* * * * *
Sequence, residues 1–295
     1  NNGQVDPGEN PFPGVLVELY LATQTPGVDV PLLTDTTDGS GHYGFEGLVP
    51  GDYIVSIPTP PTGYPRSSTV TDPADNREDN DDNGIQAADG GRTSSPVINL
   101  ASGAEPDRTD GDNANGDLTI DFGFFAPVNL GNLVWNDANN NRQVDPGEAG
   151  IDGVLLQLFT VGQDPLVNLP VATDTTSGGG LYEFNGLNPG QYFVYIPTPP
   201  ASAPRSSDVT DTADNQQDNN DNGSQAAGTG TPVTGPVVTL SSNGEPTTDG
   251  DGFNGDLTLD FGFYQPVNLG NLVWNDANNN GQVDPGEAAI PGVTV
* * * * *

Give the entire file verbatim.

Sequence, residues 1–295
     1  NNGQVDPGEN PFPGVLVELY LATQTPGVDV PLLTDTTDGS GHYGFEGLVP
    51  GDYIVSIPTP PTGYPRSSTV TDPADNREDN DDNGIQAADG GRTSSPVINL
   101  ASGAEPDRTD GDNANGDLTI DFGFFAPVNL GNLVWNDANN NRQVDPGEAG
   151  IDGVLLQLFT VGQDPLVNLP VATDTTSGGG LYEFNGLNPG QYFVYIPTPP
   201  ASAPRSSDVT DTADNQQDNN DNGSQAAGTG TPVTGPVVTL SSNGEPTTDG
   251  DGFNGDLTLD FGFYQPVNLG NLVWNDANNN GQVDPGEAAI PGVTV